Inflation in Zimbabwe has continued to spiral upwards, reaching an annual rate of 1,281.1% in December.
Money worries have prompted many Zimbabweans to take strike action
Domestic energy, gas and other fuel costs were behind the rise, the Central Statistics Office said.
On a month-on-month basis, inflation increased to 36.3% in December from 30.1% a month earlier.
Surging inflation has been blamed for a significant rise in the cost of living, and analysts have warned rising prices could prompt widespread protests.
Already the public health system has ground to a halt as nurses and doctors have walked out on strike amid demands for a significant wage increase.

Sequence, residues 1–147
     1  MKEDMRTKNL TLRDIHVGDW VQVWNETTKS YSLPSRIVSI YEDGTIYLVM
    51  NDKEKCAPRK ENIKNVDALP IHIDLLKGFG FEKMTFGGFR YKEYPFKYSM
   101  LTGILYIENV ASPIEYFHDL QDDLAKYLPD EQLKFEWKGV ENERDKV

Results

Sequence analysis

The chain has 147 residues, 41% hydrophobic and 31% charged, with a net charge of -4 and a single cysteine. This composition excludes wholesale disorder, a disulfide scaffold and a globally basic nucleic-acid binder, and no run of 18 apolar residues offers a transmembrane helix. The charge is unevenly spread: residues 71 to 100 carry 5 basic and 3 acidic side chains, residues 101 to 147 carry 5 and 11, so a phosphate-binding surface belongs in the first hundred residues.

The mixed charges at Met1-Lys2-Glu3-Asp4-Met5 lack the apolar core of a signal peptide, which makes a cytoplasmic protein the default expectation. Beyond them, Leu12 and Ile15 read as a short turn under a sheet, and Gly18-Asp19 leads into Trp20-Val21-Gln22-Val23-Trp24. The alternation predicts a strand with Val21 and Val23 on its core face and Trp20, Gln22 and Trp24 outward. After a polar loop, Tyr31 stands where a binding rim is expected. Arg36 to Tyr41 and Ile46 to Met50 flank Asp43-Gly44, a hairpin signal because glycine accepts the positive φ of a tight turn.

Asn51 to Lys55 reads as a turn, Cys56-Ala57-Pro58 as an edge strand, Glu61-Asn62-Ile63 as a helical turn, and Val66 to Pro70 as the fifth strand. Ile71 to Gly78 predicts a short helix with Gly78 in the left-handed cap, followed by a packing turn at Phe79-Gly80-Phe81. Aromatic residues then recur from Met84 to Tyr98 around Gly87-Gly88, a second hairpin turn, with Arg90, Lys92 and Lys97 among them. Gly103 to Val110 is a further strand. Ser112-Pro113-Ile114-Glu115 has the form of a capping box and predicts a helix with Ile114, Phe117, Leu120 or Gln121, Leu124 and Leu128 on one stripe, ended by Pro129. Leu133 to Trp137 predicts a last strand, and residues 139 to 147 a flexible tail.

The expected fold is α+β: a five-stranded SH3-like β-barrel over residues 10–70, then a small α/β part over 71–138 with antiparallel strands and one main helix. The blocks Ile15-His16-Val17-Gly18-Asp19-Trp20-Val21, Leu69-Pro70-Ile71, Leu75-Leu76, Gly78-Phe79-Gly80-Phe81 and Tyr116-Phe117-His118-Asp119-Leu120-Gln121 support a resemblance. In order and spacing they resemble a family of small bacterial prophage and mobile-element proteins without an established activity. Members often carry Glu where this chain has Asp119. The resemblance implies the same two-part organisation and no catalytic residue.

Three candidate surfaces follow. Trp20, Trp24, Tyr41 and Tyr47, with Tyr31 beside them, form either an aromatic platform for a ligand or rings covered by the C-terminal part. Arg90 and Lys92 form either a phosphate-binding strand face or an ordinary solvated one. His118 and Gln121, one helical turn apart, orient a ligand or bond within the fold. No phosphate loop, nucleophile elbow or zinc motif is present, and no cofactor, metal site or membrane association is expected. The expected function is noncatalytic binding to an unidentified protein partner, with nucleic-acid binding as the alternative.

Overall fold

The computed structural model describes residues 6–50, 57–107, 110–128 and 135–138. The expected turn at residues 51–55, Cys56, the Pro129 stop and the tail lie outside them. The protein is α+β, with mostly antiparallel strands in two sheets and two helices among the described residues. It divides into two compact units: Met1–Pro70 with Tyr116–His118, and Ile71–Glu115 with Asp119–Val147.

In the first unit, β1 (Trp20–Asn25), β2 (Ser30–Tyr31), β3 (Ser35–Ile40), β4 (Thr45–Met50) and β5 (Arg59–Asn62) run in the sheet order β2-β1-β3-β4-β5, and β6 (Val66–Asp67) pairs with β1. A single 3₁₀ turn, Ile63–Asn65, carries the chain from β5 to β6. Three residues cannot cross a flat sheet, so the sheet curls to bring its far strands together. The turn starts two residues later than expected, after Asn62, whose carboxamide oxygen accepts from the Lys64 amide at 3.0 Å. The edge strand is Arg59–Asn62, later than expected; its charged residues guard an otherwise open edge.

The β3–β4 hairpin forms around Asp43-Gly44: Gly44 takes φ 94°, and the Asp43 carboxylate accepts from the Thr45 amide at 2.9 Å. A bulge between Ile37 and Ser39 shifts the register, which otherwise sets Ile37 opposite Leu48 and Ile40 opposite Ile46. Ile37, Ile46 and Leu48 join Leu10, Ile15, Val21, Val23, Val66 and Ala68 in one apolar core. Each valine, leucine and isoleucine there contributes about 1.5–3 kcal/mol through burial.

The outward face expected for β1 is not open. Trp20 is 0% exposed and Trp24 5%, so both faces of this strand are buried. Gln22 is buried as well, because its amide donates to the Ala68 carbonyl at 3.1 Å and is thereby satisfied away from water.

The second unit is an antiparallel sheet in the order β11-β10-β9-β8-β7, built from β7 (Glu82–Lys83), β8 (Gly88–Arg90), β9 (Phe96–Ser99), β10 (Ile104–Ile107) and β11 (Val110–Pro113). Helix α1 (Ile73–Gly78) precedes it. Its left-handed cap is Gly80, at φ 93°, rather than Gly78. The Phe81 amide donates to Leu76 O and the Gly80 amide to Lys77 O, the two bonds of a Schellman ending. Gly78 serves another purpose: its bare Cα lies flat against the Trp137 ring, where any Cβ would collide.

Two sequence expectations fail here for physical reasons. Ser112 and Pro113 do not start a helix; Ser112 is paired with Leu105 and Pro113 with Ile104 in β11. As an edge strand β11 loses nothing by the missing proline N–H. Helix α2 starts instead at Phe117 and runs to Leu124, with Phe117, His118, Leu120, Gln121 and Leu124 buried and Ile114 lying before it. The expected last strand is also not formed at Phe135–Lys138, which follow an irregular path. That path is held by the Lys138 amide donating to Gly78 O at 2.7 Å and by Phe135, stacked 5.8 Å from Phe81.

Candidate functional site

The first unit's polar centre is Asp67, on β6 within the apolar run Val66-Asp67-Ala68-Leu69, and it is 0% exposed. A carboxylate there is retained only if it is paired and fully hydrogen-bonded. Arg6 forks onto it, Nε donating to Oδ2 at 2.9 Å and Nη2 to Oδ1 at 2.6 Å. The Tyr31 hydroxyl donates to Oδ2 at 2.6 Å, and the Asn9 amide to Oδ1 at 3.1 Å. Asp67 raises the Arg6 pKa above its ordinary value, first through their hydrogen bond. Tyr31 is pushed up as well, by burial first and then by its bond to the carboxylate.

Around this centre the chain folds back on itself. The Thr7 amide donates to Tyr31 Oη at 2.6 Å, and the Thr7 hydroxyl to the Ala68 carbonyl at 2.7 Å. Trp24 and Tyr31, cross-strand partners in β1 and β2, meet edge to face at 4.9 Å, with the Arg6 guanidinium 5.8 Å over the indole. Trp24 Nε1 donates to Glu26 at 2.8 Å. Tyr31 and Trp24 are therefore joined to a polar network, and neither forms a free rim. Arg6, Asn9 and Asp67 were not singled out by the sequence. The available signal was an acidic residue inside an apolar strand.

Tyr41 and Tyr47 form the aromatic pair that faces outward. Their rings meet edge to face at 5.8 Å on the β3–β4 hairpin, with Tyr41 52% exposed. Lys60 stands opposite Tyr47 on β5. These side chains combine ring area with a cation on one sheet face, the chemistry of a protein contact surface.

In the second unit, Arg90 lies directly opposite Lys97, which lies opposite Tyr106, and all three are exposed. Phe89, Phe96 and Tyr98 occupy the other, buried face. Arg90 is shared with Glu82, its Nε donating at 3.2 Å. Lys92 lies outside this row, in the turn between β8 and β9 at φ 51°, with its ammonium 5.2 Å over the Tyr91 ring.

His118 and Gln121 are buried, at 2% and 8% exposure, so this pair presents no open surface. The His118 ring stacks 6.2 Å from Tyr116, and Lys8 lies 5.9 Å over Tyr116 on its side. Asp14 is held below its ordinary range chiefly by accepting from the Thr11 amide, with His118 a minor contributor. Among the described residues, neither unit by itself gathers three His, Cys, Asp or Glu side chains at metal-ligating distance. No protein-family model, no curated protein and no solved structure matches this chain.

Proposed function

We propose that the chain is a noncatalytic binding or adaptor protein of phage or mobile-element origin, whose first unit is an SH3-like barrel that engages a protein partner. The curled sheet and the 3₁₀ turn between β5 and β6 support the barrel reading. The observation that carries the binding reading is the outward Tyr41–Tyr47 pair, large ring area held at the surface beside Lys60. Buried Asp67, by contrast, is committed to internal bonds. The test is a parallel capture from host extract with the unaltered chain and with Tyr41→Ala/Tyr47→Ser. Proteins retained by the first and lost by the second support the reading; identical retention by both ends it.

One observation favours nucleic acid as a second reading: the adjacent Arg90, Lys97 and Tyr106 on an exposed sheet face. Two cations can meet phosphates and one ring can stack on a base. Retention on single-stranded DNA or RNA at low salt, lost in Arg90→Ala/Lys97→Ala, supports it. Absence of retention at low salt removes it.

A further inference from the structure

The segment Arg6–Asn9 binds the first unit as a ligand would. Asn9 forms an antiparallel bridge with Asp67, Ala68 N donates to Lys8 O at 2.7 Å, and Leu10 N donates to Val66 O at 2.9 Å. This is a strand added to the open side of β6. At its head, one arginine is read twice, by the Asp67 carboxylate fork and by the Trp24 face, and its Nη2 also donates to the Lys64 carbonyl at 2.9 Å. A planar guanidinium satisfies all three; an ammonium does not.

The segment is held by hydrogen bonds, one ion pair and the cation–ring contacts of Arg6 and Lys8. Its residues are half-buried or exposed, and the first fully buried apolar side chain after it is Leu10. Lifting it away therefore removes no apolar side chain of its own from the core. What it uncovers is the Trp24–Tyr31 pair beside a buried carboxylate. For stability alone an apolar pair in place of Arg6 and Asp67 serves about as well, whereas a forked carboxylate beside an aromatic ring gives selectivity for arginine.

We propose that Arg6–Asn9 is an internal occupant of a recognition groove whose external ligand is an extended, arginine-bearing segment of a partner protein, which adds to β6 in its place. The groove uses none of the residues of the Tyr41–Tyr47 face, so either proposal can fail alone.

As the figures were released, further research by the independent Consumer Council showed the cost of living in the country had jumped by 43% over the past month.
School fees recorded the biggest increase of 262%, while the cost of bread rose 180%.
The southern African country is facing its worst economic crisis since independence in 1980.
Many experts blame the government's mismanagement of the economy for the problems, but President Robert Mugabe says they are a result of domestic and foreign enemies.
The country has also been dogged by shortages of foreign currency to pay for fuel and food, which experts have blamed largely on disruptions to the agriculture-based economy after the seizures of thousands of white-owned commercial farms began in 2000.